A small country that has no regard for the cumulative impact of foreign investment – on asset ownership as well as on capital account flows – might one day find the share of wealth generated accruing to residents irretrievably diminishing and that residents have become foreign employees and tenants in their own country.
It is reassuring to know that “the government determines what is contrary to the national interest by having regard to the widely held community concerns of Australians” (see the Foreign Investment Review Board website). It could be more reassuring if the government made its interpretation of these concerns public from time to time.
Given the size disparity between Australia and China, it is important that the cumulative effects of all decisions relating to particular industries, locations, and markets (including real estate) be taken into account. These cumulative impacts should be considered in terms of their effect on the optimal rate of consumption of our natural resources, their ownership and the competitive effects, and the impact of foreign ownership of other fixed resources, such as land.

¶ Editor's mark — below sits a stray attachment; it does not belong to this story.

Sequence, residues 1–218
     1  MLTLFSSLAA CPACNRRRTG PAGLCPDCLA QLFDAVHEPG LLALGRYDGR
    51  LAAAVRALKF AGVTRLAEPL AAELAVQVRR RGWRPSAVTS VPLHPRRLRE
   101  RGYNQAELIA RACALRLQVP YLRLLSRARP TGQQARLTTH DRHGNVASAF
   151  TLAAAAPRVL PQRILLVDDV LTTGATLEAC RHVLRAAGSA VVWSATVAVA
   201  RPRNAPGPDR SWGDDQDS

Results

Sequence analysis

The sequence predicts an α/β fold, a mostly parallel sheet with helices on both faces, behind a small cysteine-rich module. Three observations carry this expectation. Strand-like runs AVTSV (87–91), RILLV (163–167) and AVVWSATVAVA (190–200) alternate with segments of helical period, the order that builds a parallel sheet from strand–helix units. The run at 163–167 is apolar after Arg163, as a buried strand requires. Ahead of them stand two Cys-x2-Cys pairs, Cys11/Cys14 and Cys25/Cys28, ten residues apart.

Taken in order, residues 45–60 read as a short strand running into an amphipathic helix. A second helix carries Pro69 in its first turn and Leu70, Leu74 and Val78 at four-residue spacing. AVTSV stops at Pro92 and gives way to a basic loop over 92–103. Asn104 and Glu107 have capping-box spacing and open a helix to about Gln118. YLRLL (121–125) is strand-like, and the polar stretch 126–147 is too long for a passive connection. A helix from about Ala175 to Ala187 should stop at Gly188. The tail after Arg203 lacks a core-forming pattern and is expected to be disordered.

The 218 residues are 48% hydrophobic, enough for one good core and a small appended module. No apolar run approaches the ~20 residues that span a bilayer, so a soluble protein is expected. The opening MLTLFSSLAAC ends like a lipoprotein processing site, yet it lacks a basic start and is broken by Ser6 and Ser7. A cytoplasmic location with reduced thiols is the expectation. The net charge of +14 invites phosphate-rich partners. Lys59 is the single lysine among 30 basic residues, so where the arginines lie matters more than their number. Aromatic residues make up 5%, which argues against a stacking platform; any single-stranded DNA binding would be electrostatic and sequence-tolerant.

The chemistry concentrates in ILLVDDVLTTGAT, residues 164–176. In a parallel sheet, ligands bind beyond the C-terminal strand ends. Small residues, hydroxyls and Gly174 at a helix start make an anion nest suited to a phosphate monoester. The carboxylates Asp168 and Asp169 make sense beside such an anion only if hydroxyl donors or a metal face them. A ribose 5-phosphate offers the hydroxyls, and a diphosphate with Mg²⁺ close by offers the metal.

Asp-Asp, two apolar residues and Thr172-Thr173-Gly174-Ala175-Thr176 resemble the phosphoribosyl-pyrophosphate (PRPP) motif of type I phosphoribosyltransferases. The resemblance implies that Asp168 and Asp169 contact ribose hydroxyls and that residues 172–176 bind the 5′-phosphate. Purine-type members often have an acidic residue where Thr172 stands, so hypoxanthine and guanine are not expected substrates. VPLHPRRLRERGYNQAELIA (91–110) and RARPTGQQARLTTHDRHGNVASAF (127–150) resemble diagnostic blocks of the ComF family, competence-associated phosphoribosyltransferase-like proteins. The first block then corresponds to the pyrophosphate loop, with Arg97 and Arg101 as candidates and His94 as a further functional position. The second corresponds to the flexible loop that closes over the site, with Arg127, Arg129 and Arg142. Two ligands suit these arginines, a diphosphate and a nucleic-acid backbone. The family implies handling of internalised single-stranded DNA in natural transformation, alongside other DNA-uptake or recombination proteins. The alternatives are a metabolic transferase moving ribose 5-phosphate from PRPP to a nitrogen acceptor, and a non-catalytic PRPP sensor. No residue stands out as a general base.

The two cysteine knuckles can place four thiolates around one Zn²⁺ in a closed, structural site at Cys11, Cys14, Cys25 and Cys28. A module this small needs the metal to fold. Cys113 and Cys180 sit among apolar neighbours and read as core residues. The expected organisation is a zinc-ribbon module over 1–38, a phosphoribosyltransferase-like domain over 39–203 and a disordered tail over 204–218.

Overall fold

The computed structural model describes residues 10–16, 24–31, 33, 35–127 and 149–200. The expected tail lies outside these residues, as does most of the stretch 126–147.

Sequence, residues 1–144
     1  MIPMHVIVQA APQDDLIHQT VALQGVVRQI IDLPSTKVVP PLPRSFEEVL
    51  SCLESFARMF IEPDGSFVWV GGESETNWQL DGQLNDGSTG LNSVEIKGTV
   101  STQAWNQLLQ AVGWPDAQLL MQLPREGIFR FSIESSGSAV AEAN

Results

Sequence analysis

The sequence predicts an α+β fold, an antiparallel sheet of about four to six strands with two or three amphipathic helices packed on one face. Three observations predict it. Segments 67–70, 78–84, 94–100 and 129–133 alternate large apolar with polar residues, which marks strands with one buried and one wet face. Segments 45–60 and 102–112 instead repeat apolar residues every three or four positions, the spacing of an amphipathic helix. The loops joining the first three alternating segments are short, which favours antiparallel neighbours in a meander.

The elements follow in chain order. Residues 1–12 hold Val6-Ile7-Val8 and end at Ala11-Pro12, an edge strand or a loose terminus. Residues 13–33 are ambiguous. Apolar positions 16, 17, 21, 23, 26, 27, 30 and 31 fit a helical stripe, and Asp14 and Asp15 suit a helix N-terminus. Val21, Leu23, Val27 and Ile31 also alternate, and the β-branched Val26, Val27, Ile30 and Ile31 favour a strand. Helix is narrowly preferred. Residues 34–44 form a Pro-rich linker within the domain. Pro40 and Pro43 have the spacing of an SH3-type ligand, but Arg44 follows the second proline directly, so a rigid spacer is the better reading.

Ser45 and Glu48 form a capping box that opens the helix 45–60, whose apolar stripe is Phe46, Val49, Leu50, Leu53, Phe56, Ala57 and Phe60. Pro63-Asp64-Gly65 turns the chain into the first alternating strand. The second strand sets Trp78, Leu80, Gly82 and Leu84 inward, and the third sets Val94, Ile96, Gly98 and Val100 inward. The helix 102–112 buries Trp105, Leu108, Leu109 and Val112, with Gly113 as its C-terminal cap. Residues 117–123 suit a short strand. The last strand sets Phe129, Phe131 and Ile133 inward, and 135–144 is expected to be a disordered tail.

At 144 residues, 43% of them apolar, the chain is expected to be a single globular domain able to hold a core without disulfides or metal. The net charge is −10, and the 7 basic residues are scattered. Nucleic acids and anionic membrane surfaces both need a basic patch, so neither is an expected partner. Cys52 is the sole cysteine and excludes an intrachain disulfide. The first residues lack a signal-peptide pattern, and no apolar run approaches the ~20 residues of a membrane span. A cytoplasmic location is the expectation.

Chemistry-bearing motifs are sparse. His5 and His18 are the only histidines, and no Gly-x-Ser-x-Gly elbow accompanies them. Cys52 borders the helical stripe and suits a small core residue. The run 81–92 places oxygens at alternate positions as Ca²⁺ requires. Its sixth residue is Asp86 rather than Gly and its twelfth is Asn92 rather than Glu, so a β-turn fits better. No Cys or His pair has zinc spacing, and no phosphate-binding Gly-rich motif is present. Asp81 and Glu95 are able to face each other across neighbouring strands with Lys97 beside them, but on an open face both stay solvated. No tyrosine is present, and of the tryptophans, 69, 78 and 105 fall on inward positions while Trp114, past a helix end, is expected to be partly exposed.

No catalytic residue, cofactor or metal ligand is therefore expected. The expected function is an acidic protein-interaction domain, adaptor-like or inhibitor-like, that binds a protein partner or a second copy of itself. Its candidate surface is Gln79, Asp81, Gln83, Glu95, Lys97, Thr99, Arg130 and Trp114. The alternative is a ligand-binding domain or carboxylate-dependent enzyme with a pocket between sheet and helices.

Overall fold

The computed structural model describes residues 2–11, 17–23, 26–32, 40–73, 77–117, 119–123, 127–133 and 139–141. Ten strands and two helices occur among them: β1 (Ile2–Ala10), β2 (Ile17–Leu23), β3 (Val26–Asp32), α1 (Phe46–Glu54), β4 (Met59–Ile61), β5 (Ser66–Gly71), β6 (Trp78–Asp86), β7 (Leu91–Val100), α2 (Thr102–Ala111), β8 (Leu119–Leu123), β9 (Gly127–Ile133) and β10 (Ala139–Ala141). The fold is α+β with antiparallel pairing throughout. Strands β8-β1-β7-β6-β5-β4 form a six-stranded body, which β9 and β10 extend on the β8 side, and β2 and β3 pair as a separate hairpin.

I would also like an acknowledgement that social effects are considered. I am mindful of the outcry over the prospective establishment of a dedicated tourist resort for Japanese at Yeppoon near Rockhampton in Queensland in the 1980s. There were also, I believe, at the time private talks at government level about the establishment of retirement villages for elderly Japanese in Australia.
And finally, underlying all of this there needs to be proper safeguards to avoid the downsides on the commercial confidentiality issues where the investment involves access to commercial information that could prejudice the competitive position of other Australian-based ventures in international markets. We need to take a particularly aggressive approach to these sorts of investments because breaches of confidentiality undertakings can only (a) take place after the event, and (b) when the damage has been done. Rectification is not possible.
Clearly the recommended changes should not be China-specific. However, in the foreseeable future, China is the only credible threat in this context and we should not be embarrassed to acknowledge this. If we are to improve our national capacity to generate wealth, we must move from a starting policy position of automatically accepting what we are offered by the rest of the world, unless we can convince ourselves that we shouldn’t, to one of needing to convince ourselves that we should.
In conclusion I should observe that the indigenous occupants of this country might look upon the current situation with some irony with the prospect that the European invasion of their country could be followed by an Asian invasion several centuries later.
In the broad sweep of history, such a series of events would not look out of place and we need to have regard to the broad sweep of history in the evolution of our foreign investment policy.
Barry Ferguson is a former senior Victorian public servant.